Last Updated on Wednesday, 10 April, 2019 at 7:53 am by Christian Keszthelyi
Malta has published its artificial intelligence (AI) policy, calling on AI aficionados, as well as the general public, to join the one-month-long public consultation, and let the government know what they think about the AI world. Wayne Grixti, Chief Technology Officer at Malta Digital Innovation Authority (MDIA) and Chairman of the MALTA.AI Taskforce, talks to Business Malta about what the authority and the task force do to get among the global leaders in
Malta has been positioning itself as one of the most progressive countries in Europe — if not the whole world — related to technological development. After passing what is often tagged as the “three landmark bills” in November last year, the country has become internationally renowned as the “blockchain island”. However, innovative progress in Malta is not only about distributed ledger technologies (DLTs); the government’s vision goes beyond that.
Very recently the island sent currents by announcing the possibility of turning into a zero-emission country, starting by planning a pilot of introducing an only electric vehicle zone in Gozo. Malta is also shooting for the moon with its latest vision of taking a giant leap into space. At the same time, this month means the public consultation about its recently-launched AI policy as the first step of establishing a national strategy. Such a tiny island, yet so much to do.
However, why bother with a public consultation? “We have the team, we have the brain, and we have the skills to come up with a national strategy, but since we understand that AI is a general-purpose technology — and like electricity, computers or the internet it will impact both the society and economy — we wanted to make sure it is inclusive and that nobody is left behind,” Mr Grixti tells BM in justification for turning to the public before establishing a strategy.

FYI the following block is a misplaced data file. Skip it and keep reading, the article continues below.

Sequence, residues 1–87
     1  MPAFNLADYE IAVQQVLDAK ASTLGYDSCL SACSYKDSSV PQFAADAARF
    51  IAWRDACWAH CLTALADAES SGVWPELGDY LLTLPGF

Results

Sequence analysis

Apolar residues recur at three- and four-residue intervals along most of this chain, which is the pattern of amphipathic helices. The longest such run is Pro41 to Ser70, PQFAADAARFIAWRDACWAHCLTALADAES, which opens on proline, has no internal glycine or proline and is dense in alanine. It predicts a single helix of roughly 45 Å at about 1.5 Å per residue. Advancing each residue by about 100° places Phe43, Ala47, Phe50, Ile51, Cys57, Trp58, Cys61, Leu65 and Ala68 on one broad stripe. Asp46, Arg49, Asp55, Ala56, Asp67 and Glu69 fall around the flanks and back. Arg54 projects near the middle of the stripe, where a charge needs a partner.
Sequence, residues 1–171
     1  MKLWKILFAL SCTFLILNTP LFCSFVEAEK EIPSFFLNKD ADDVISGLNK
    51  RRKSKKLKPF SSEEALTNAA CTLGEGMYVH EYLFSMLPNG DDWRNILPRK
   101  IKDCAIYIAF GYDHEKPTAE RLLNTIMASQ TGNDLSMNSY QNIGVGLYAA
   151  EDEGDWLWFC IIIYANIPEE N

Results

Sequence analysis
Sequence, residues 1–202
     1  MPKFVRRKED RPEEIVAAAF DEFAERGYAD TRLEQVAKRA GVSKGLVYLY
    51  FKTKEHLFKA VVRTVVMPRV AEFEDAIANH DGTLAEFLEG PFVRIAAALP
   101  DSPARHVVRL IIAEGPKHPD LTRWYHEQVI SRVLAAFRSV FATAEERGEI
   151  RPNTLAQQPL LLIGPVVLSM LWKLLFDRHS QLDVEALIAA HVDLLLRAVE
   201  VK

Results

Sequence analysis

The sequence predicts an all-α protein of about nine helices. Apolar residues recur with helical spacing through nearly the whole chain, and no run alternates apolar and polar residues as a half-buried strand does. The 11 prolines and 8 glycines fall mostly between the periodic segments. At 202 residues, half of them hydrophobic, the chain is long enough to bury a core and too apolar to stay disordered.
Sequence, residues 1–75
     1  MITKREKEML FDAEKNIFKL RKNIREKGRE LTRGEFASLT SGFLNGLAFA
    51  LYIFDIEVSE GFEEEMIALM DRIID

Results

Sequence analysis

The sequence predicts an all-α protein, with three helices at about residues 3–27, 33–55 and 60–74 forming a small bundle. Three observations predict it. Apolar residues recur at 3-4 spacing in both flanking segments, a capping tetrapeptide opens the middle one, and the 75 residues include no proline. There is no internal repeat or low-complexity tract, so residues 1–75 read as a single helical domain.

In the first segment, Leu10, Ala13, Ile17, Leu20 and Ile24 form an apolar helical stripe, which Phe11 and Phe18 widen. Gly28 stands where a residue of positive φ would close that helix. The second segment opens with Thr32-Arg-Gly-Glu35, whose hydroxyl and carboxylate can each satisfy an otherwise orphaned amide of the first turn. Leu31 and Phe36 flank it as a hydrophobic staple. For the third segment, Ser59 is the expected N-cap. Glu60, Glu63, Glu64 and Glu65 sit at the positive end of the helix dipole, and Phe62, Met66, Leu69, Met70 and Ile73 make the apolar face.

Hence, the Malta.AI Taskforce, an organisation assembled by the government to cater for setting up the AI environment in the country, very recently came out with an AI policy, and put it on the table of the public, opening the floor for input and feedback in the framework of public consultation.
Labour shortage increases challenges
Despite precautionary measures such as opening a public dialogue and securing a strong technical background and skillset, challenges can always arise, and Mr Grixti’s operations appear to be conscious about that. “I think one of the biggest challenges regarding AI progress in the country will be talent. Not because we don’t have high-level talent in Malta, because the talent we have is of a very high level, but rather the shortage of it,” Mr Grixti forecasts. Labour shortage has been an issue not only in Malta that boasts of rapid economic growth and plummeting unemployment figures, but also Europe-wide.
“Demand has been higher than the local supply. According to a Jobsplus [Malta’s national public employment service] report, last year — forecasting that given the GDP keeps growing at the current pace — approximately 10,000-13,000 jobs will be needed, while our local supply is about 3,000. There will be a labour shortage of around 7,000-10,000,” according to the AI task force chairman. Although the lack of skilled labour is an issue, the government seems to have an answer for tackling the difficulties.
“You can bring talent from abroad, but for that you need to create policy measures, to attract that talent. We are also investigating how to use AI to fill in certain gaps. Including upscaling and reskilling of the workforce, for example. So the main challenge I see in here is human resources and talent,” Mr Grixti underscores.
Finding niches at the forefront